It’s open source, and you can pay devs if you can’t code it yourself, and you're already building on a massively successful, extensible platform.

Build it to hit all 12 points for free play for children, and launch it.

Test if the report's thesis is viable.

See how is it used, or abused.

Check if your requirements, functional or non-functional, are feasible for implementation in practice. Tweak them if not, adjust the code, and try again.

Is the proposal realistic? What is the user experience like? How much does doing all this cost, and are the responsible adults of the target users willing to pay for it?

And when you've built it, release it under a Free / open source licence, so that others can implement it, extend it, incorporate it, run it, so that it can be adopted widely.

Why would you not dogfood your own policy recommendations?

If you are professionally involved in policy making, and espouse a thesis in favour of particular requirements or a particular solution, but you are not running up even a bare bones proof of concept system and testing it in a real world scenario, why not?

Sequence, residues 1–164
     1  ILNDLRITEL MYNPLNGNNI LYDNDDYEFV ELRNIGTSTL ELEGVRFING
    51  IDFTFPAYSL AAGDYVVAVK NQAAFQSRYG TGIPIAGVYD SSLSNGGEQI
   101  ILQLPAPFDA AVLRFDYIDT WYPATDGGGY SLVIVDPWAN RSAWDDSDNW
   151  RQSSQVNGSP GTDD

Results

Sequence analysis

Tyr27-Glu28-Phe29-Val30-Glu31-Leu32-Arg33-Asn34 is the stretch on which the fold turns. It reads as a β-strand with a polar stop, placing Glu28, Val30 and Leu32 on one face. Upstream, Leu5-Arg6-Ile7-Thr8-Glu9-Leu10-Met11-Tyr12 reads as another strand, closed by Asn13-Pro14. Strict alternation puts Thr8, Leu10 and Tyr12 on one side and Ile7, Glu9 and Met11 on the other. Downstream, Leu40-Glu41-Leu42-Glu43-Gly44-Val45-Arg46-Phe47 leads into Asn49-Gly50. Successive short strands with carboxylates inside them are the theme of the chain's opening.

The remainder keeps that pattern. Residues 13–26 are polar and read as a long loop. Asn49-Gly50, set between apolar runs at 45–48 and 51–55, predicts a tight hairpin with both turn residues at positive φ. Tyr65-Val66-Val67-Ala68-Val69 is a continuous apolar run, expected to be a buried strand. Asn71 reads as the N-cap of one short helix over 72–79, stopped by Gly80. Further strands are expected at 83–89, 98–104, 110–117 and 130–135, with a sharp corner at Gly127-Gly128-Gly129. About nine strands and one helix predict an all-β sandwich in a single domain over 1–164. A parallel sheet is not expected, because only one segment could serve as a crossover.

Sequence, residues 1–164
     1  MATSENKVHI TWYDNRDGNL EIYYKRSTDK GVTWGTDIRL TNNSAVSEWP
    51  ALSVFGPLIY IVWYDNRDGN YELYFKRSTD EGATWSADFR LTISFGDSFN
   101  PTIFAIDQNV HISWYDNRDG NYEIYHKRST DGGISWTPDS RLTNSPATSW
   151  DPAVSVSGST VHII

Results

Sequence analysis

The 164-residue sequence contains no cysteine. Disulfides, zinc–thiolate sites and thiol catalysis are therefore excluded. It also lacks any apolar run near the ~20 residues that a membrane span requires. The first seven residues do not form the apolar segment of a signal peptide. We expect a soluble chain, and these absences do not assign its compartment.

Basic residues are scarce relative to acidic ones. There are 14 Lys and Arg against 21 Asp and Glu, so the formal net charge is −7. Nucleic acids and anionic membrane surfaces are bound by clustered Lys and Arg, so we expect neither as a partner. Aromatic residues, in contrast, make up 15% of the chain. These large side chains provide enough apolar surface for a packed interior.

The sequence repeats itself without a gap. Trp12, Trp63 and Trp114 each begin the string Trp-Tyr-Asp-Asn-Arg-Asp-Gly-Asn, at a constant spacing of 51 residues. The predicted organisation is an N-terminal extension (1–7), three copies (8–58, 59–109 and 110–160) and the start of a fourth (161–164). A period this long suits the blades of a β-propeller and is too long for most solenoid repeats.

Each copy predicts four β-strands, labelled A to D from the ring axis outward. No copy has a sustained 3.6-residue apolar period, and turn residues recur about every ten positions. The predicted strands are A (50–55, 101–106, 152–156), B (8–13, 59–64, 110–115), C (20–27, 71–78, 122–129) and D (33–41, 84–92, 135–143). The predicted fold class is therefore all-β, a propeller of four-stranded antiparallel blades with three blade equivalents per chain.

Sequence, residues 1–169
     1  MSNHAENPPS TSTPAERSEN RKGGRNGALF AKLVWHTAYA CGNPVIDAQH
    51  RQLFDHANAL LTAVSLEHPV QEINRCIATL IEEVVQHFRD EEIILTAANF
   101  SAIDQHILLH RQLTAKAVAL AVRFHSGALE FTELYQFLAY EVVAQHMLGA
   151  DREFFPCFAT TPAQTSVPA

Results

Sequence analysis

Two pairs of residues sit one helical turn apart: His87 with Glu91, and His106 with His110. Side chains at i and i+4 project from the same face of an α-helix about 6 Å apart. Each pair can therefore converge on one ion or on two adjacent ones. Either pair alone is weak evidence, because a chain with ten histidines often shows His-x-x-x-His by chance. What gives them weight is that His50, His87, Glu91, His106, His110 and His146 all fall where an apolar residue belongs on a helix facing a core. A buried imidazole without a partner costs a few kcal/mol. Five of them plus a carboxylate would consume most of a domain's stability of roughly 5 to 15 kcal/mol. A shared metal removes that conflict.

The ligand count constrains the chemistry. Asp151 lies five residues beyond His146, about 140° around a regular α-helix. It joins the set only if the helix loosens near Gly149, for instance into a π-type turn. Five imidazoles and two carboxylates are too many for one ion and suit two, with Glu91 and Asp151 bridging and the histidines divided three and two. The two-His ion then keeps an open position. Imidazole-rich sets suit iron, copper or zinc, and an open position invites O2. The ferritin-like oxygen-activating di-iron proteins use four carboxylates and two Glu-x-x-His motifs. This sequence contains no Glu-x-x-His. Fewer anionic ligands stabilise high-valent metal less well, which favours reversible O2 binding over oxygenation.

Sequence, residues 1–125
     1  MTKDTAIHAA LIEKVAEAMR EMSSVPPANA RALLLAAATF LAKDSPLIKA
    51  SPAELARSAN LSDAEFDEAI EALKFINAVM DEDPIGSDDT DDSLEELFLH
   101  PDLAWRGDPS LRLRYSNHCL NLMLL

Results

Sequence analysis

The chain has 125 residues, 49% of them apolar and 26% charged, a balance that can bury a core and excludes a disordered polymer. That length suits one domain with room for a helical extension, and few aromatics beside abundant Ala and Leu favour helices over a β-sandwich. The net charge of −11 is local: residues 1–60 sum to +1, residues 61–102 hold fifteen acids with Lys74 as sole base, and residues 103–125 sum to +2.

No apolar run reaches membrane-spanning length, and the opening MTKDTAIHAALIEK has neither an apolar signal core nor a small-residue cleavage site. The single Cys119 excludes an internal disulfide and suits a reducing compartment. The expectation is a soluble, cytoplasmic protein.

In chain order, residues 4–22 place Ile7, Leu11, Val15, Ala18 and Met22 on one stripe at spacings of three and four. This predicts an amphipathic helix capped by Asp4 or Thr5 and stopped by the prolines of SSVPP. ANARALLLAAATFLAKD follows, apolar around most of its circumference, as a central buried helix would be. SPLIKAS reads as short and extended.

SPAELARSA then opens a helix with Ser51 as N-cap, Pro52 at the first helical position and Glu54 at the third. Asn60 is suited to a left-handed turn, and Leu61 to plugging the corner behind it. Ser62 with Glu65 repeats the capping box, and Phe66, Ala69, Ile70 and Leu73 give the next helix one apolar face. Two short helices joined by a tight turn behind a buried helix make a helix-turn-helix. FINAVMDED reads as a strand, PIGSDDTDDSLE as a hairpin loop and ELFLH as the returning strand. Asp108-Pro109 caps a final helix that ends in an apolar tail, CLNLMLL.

Would it not make your policy influencing more effective if you could show actual, real world, impact?

If you could demonstrate that your thesis is not pie in the sky, but is implementable? Especially if part of your thesis (not evident in this particular report, to be clear) is that organisations just need to make their staff "nerd harder" to solve seemingly intractable societal problems via tech solutionism.

Yes, this would require more than just producing reports, and would necessitate bringing "do-ers" – coders, and others who can turn ideas into reality — into the policy arena.

And, in doing so — by experimenting in code, with actual users, rather than on paper, and formulating and building and tweaking and adjusting policy based on your experimental findings - it strikes me that digital policy making could improve dramatically.

Image credit

Dog Food 2, by Sh4rp_i. Original image. Licensed under CC BY 2.0.


Author: neil

I'm Neil. By day, I run a law firm, decoded.legal, giving advice on Internet, telecoms, and tech law. This is my personal blog, so will be mostly about tech stuff, cycling, and other hobbies.